Bengal bandh over Nandigram killings turns violent

Bengal bandh over Nandigram killings turns violent
Comment E-mail Print Share
First Published: Sat, Mar 17 2007. 03 17 AM IST

A protester and a policewoman in a scuffle
A protester and a policewoman in a scuffle
Updated: Sat, Mar 17 2007. 03 17 AM IST
A12-hour bandh or general strike, called by the opposition parties in West Bengal to protest Wednesday’s police violence on villagers in Nandigram, was marked by incidents of violence across the state, including an attack on a Tata Motors plant being constructed at Singur.
Some rallies held in the state also turned violent. The office of the ruling Communist Party of India (Marxist) was set on fire at Panchla, in the Howrah district to the north of Kolkata.
In the northern district of Jalpaiguri, 12 people were injured when bandh supporters clashed with the police. At adjacent Siliguri, rail tracks were set on fire. A crude bomb was lobbed at the newly-built boundary walls of the Tata Motors plant at Singur.
“A number of government vehicles, mostly buses, have been either damaged or set ablaze. Bandh supporters also attacked a few government offices,” state home secretary Prasad Ranjan Roy said.
Atteor in Kolkata were kept out of the purview of the bandh.
Reacting to the recent developments, Rahul Todi, managing director, the Bengal Shrachi Housing Development Ltd said, “Despite the CM’s assurance that no chemical hub would be set up in Nandigram, what happened on Wednesday cannot be supported in any way”.
Nandigram, 160km from the state capital, is the site of a proposed special economic zone (SEZ)—a manufacturing hub that offers tax incentives to companies.
Violence in Nandigram, triggered by police clampdowns on protests over acquisition of land by the government for industrial use, is causing a rift in the coalition state government.
“What happened in Nandigram was unfortunate but bandh or violence is not the solution. Obviously, this incident has meant bad publicity for the government but we do not see any long-term impact on investments in the state,” said Rajeev Singh, secretary-general, Indian Chamber of Commerce.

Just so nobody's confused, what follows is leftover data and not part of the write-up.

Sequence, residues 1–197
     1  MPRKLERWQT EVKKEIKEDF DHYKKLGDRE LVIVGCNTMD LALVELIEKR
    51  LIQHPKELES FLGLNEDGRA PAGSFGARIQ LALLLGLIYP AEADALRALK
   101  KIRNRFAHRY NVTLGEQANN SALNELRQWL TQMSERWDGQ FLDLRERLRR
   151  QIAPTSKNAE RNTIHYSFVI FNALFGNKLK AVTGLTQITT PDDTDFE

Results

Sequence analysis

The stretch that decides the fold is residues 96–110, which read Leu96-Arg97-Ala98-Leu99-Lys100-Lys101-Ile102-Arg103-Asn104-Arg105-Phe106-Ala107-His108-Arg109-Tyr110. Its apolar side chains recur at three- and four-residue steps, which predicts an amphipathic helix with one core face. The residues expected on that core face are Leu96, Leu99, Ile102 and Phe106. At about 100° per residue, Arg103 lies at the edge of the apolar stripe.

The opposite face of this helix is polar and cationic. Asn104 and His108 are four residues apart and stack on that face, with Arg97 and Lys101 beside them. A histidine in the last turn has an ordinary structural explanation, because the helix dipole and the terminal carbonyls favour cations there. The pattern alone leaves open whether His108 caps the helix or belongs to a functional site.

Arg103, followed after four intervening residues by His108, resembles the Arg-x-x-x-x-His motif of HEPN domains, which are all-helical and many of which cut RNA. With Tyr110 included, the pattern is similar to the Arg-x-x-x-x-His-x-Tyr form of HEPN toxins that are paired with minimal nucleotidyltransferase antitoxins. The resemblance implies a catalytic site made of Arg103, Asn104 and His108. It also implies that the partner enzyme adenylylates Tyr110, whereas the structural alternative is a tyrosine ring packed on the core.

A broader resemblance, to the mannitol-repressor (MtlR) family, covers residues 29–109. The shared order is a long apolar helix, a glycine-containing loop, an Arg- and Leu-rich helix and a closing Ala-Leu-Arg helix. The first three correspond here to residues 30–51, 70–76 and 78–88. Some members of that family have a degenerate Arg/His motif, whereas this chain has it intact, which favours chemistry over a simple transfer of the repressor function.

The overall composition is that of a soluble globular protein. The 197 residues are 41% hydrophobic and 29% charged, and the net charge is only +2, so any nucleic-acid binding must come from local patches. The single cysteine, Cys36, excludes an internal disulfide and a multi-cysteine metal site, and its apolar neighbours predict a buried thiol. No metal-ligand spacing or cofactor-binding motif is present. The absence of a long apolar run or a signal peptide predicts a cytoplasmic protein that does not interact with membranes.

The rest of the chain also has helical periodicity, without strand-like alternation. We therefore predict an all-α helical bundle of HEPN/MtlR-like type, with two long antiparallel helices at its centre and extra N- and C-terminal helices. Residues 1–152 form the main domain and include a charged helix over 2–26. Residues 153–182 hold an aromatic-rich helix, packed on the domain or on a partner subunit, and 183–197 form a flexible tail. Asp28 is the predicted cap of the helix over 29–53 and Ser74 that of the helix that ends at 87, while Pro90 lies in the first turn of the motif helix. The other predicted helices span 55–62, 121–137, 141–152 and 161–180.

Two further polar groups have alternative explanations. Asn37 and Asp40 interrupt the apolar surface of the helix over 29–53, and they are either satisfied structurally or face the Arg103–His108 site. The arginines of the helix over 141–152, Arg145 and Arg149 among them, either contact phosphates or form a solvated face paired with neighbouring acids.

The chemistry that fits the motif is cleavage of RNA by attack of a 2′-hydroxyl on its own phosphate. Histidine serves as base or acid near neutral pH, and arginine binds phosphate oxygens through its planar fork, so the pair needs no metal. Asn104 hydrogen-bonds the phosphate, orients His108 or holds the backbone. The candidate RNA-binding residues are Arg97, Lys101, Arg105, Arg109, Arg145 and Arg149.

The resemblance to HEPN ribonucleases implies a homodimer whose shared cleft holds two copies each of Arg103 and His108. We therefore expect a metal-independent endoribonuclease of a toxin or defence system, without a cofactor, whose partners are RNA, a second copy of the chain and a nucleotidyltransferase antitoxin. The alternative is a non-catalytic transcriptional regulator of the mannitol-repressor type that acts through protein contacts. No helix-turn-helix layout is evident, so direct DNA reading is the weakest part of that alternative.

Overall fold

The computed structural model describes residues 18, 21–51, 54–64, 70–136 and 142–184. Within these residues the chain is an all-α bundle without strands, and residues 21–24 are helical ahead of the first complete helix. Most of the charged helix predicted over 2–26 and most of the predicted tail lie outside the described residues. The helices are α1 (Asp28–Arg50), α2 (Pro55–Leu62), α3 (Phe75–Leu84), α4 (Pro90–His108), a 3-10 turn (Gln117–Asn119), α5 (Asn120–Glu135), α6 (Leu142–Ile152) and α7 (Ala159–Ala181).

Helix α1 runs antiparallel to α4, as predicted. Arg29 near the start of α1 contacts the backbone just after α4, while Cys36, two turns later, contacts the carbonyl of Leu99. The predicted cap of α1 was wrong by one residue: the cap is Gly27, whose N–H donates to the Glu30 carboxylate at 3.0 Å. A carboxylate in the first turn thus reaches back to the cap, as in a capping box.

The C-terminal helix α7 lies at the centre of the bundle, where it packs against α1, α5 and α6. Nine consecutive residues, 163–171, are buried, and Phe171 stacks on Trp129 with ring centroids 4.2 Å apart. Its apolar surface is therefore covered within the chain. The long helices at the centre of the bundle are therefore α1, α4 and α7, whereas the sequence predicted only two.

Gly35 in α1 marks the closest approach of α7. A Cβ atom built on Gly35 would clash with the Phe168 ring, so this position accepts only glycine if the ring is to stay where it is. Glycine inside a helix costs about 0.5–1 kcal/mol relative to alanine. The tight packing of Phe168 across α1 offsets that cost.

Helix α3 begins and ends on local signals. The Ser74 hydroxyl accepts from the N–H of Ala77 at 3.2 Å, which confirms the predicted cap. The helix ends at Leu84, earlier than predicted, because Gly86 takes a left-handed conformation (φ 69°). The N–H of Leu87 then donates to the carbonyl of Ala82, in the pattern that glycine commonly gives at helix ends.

“Nobody likes a bandh, but what happened in Nandigram was also not correct,” said Hemant Kanoria, vice-chairman and managing director of Srei Infrastructure and Finance, a company which is also pitching for an SEZ in the state.
While industrialists such as Aditya Agarwal, director of Emami, felt that the Nandigram incident could have been avoided, there are others who are impressed by the government’s firmness in pursuing industrialization.
“The government is standing firm on its decision to solve the state’s unemployment problem by pursuing industrialization,” said C.K. Dhanuka, chairman, eastern region, Federation of Indian Chambers of Commerce and Industry.
The constituents of the Left Front, with the exception of CPI(M), namely, Forward Bloc, Revolutionary Socialist Party and Communist Party of India, have been holding meetings through the day to crystallise their stand on the issue and decide their future course of action. They have already threatened to pull out of the government if the police are not withdrawn from Nandigram immediately.
Comment E-mail Print Share
First Published: Sat, Mar 17 2007. 03 17 AM IST
More Topics: Home |